In the West, a comparison between Detroit and Phoenix is a hard sell."I tend to assume that we will grow again," said Jim Holway, from the Tucson-based Sonoran Institute, a group that promotes sustainable development in the Rocky Mountain region."Is it possible the forces that drove the growth in the West really have come to an end, and we’re going to face decline? I think it’s unlikely, but I can’t say it’s impossible," said Holway, a longtime planner in the region. "Certainly this is a time for creative thinking."
If mobility was once considered to be a quintessentially American attribute, it is now one that only an elite sliver of the population can lay claim to. It is both a significant shift and a sobering one.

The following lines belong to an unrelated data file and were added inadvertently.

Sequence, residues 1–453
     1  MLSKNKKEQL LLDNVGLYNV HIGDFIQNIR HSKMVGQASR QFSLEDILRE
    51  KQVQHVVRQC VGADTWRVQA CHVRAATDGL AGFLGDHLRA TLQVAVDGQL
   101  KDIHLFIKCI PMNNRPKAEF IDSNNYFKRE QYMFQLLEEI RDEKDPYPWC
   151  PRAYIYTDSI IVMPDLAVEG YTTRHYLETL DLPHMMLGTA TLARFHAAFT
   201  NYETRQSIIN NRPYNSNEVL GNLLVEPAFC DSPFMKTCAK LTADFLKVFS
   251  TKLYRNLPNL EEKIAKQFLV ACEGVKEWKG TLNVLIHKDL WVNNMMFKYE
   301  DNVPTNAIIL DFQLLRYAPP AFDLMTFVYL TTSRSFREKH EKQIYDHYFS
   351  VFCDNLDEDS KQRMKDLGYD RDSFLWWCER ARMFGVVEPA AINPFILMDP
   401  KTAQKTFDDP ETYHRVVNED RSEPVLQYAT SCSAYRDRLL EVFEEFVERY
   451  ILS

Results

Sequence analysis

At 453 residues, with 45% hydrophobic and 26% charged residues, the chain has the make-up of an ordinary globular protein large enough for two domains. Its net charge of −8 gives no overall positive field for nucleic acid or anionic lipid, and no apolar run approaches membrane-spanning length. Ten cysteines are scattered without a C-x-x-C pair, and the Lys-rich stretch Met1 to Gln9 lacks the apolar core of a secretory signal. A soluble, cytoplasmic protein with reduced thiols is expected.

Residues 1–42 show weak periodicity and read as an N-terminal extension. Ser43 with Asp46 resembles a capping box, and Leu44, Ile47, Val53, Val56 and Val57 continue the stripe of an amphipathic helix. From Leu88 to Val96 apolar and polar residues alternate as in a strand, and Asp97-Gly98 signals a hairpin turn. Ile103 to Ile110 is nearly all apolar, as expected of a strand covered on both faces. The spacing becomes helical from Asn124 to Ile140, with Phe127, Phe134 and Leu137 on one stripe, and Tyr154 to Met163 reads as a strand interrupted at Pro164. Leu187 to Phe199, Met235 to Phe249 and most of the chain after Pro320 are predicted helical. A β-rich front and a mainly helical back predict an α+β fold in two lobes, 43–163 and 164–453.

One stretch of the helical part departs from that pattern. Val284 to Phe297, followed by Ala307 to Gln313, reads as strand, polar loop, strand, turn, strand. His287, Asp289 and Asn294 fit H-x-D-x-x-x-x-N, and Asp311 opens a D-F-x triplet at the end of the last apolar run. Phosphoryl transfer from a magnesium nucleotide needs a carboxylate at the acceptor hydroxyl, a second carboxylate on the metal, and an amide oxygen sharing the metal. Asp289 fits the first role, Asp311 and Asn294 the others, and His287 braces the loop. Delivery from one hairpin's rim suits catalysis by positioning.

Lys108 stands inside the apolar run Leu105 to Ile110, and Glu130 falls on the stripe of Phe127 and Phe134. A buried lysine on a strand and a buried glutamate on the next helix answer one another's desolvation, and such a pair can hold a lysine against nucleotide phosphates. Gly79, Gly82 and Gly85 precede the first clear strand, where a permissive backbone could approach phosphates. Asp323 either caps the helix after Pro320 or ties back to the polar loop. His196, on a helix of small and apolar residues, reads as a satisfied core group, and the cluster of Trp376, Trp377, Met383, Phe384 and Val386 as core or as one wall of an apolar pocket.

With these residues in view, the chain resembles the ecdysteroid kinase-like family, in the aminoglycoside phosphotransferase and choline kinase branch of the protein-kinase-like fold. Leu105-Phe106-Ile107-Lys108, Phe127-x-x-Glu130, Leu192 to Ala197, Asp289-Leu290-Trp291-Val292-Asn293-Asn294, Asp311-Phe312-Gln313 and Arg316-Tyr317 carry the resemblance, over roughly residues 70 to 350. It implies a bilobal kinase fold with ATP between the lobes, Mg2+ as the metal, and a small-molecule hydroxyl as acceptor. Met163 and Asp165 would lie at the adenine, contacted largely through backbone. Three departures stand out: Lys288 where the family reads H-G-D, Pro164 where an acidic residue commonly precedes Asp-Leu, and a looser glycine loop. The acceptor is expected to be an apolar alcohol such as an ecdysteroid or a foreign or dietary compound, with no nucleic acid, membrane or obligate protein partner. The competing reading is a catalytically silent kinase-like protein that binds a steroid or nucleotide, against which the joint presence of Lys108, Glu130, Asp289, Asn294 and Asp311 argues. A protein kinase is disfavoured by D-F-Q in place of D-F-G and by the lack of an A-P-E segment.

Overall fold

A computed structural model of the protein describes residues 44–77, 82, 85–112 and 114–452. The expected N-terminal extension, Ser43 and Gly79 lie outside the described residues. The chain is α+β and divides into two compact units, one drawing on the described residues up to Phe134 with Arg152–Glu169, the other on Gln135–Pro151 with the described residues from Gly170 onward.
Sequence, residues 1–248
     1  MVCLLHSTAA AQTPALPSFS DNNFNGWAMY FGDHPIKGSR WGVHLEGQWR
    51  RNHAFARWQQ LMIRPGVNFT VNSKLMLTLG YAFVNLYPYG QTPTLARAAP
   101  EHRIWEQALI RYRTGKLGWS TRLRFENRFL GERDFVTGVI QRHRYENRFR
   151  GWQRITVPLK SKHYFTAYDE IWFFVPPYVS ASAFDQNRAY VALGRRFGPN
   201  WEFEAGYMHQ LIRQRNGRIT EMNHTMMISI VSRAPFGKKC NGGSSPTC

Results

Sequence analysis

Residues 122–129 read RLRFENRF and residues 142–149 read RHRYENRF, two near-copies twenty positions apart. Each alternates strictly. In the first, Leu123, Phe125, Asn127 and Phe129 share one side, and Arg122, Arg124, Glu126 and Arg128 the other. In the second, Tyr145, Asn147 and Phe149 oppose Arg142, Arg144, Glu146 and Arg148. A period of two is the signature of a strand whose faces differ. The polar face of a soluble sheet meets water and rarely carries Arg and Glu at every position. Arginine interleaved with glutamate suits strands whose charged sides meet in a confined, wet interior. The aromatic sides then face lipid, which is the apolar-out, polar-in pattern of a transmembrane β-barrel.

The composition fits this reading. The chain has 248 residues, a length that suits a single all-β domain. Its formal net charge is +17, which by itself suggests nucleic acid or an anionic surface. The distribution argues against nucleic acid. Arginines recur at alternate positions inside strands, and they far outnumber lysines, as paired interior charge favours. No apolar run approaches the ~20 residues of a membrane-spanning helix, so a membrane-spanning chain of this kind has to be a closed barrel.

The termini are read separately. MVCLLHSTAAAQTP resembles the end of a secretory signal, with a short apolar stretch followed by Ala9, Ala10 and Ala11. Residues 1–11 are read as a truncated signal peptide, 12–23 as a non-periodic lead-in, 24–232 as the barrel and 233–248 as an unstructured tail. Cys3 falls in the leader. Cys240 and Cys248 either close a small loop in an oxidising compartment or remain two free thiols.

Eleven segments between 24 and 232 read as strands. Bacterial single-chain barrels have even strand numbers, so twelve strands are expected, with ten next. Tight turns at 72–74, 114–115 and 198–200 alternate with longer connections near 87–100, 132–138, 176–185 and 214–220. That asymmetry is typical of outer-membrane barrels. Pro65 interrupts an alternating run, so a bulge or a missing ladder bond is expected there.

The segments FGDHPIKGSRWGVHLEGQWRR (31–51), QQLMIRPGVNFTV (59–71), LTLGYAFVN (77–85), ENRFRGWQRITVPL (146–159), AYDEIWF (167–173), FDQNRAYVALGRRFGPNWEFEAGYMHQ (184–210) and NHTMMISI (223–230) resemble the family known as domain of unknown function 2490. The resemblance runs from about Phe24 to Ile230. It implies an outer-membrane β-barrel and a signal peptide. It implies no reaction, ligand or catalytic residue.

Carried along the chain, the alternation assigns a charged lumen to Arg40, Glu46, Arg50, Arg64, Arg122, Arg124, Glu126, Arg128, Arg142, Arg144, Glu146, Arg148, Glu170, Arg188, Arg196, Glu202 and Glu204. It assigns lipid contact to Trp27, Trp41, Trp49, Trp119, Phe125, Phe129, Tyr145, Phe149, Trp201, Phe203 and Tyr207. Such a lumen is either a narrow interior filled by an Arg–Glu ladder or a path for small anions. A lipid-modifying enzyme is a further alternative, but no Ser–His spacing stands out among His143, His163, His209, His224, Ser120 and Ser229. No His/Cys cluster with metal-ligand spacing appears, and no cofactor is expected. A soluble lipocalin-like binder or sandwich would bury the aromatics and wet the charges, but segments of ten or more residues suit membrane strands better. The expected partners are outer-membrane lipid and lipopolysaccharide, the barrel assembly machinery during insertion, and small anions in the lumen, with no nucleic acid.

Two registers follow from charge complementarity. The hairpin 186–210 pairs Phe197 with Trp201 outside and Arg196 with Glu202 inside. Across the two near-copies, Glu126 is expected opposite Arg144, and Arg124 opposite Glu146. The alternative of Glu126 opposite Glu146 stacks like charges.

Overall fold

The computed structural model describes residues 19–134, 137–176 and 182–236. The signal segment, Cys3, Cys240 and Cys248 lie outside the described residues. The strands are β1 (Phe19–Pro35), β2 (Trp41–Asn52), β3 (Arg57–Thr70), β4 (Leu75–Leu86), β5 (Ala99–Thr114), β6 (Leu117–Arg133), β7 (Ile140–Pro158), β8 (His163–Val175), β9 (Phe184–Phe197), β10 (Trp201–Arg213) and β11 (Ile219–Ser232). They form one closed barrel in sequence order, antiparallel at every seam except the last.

All that is left is boutique migration. Population growth is almost meaningless in such a climate. But don't expect the Sun Belt boomtowns to embrace the paradigm shift. Steel will come back. American's need to make things again. Just buy local. The migrants will return.
The "creative thinking" is nothing more than wishful thinking. We've seen it all before in the Rust Belt. I'm having a hard time finding a Pittsburgh in all the greenfield mess. Which city might emerge in 40-years as successfully reinventing itself?
As for brownfield cities, even those located in the Sunburn Belt, the future looks bright. These regions have figured out how to grow the economy without robust inmigration. The revenge of the uncool city is coming to fruition.